Further, if a company has a class of ordinary shareholders who are not entitled to vote at general meetings of the company, the descriptive title of such class needs to include the words ‘non-voting’ and such description needs to appear legibly on any share certificate, prospectus or directors’ report issued by the company.

Default pre-emptive rights for existing shareholders

Where new shares are to be issued by a company which rank equally to existing shares as to voting or distribution rights, section 85 of the Act provides as a default, pre-emption rights to holders of existing shares such that those new shares must first be offered to the holders of the existing shares in a way which would (if the offer was accepted) maintain the relative voting and distribution rights of those existing shareholders; unless the Company’s constitution states otherwise. As such, if for example, a start-up wishes to issue new ordinary shares to VC investors without first giving the existing founders/ordinary shareholders a pre-emptive right to subscribe for the new shares, the company’s constitution would need to be amended to allow for this approach or procure the waiver of such default pre-emption rights.

Additionally, in the context of raising new capital from shareholders / investors, the Act requires the directors of a company to obtain prior shareholders’ approval by way of resolution before exercising any power to allot shares in the company (including under an agreement or option or offer), unless the allotment of shares is made to existing shareholders of the company in proportion to the shareholders’ shareholdings. Any issue of shares made in contravention of the Act will be considered void at law, while any director who contravenes this section commits an offence and is liable to compensate the company and persons to whom the shares were issued for losses suffered.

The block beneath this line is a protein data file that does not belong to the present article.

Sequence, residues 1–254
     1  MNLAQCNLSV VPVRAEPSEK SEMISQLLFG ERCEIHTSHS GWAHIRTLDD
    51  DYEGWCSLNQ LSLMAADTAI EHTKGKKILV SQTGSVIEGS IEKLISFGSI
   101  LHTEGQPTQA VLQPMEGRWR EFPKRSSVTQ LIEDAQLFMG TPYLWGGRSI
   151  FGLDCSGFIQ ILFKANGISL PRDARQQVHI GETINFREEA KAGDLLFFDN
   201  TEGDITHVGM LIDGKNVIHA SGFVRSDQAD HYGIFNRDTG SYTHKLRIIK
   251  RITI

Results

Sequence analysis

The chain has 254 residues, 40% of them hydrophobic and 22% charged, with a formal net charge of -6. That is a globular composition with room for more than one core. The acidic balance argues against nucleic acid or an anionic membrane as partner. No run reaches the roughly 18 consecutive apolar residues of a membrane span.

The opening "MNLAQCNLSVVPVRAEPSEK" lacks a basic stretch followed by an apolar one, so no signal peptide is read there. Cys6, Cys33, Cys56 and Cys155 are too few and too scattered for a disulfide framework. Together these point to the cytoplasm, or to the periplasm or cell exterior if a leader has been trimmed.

It is therefore prudent for directors or founders to consult with the company secretary or legal advisor before undertaking any share issuance.

Key documents

The following are some key legal documents (separate from the corporate secretarial documents) which are typically used in the process of raising capital through issuing equity/shares:

  • Term sheet – this document sets out the key basic terms and conditions under which an investment will be made by a new investor.
  • Subscription agreement – this agreement will be entered into typically for issuances of shares by the issuing company to non-existing shareholders / new investors documenting the terms of the subscription.
  • Shareholders agreement – this agreement will set out the terms of the ongoing relationship between the shareholders of the company post-subscription. In some instances, it is also possible to combine the subscription agreement and shareholders’ agreement.
  • Constitution – while it is generally optional for private companies to have a constitution, a share issuance exercise, in certain cases, could trigger a legal requirement for the adoption or an amendment of the company’s constitution.


This article is written by Shawn Ho (Partner) and Gwendoline Choy (Senior Associate), from the corporate and commercial practice group of Donovan & Ho. If you have any queries, please contact us.